William Tyndale: From the Publisher
How pleased we are to devote an issue to William Tyndale! His name is vaguely familiar to many modern Christians, but the majority of details about his fascinating life are familiar only to church history and literary scholars. Yet we will see with him, as we’ve seen with others treated in Christian History, that though he founded no modern movement, he nonetheless profoundly influenced our history and placed us enormously in his debt.
Tyndale’s main opposition during his lifetime came from the Roman Catholic Church’s supporters in England, with Lord Chancellor Sir Thomas More being among his most formidable foes. Thus, a special word of notice is in order for what the Catholic University of America Press is currently doing. CUAP is in the process of preparing newly revised editions of all of Tyndale’s polemical works. This series of books, to be called “The Independent Works of William Tyndale,” is scheduled for publication between 1992 and 1998.
Another notable part of this project is that Dr. Donald Smeeton, a contributor to this issue of Christian History, is set to coedit a major work in the series. Smeeton, a Protestant, is assistant dean at the International Correspondence Institute, a Christian correspondence school based in Brussels, Belgium. His doctoral dissertation was about Tyndale and, interestingly, he received his doctorate from the Catholic University of Louvain, the same school that Tyndale’s betrayer attended long ago.
We see with Tyndale, as with so many other figures we’ve treated, how God used an individual devoted to the rigors of research to advance His work—a point worth considering by young Christians making career decisions, in an age when, even in religious circles, the trend often seems to be to choose style rather than substance.
We are also struck with the truth (though we’ve seen it before—for example with Jan Amos Comenius in Issue 13) that a man of God, with fierce loyalties to his homeland, can sometimes, because of unique circumstances, best exercise his patriotism and faith only in exile. For Tyndale, as for Comenius, exile was a crucible that served to release and refine his distinctive gifts.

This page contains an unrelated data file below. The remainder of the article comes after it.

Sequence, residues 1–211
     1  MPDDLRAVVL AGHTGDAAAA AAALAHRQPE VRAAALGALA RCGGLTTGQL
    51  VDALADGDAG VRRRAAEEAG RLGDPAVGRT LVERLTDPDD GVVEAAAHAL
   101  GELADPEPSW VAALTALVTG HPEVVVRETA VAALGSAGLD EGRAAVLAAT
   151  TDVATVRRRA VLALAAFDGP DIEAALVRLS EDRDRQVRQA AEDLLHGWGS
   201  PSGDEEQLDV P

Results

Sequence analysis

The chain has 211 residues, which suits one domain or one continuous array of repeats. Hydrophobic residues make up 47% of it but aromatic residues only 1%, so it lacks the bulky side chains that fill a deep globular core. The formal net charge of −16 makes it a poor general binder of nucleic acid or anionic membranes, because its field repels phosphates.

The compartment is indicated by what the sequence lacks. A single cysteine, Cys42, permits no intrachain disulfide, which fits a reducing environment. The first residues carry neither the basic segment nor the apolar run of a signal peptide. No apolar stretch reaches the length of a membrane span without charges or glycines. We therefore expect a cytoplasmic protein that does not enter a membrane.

Tyndale’s story also reminds us that Christians who set no limits on their dedication can have massive positive influence on the powerful forces in control of societies. This is seen in the fact that Tyndale, who was once seen as the public’s enemy, is today heralded as one of its greatest benefactors, and that the Bible in English is a recognized bestseller every year.
Those of you who’ve been reading Christian History since its early days know that it was born out of my work as a filmmaker, being conceived while I was producing First Fruits—a film about the beginnings of the Moravian missionary movement. I realized then that we simply could not provide, in the film, all the background material necessary to really tell that magnificent story. So this magazine format was devised and tested, and was well-received.
The magazine soon became an entity all its own, published by the Christian History Institute. But we at the institute are still always eager to tie our efforts to noteworthy film productions that cover subject matter we’re also interested in treating. When used together, the film and print media can complment each other and make for a penetrating communication experience. It opens up a new and compelling way to approach our history.
Two such opportunities currently present themselves. First, we are happy to announce that the Christian History Institute itself plans to soon begin production on a series of documentary films about the early church. Covering from the end of the New Testament’s writing to the conversion of Constantine, this project was undertaken by CHI in cooperation with EO Television, a Christian TV network in Holland. More on this series in the future.
The second opportunity has to do with this issue. We were delighted to cooperate with Grenville Films in England on the production of a major new film on the life of Tyndale called God’s Outlaw. We commend the use of this issue with the viewing of the film, and express our gratitude for use of photography from the film that appears on the cover and these two pages.
Copyright © 1987 by the author or Christianity Today/Christian History magazine.
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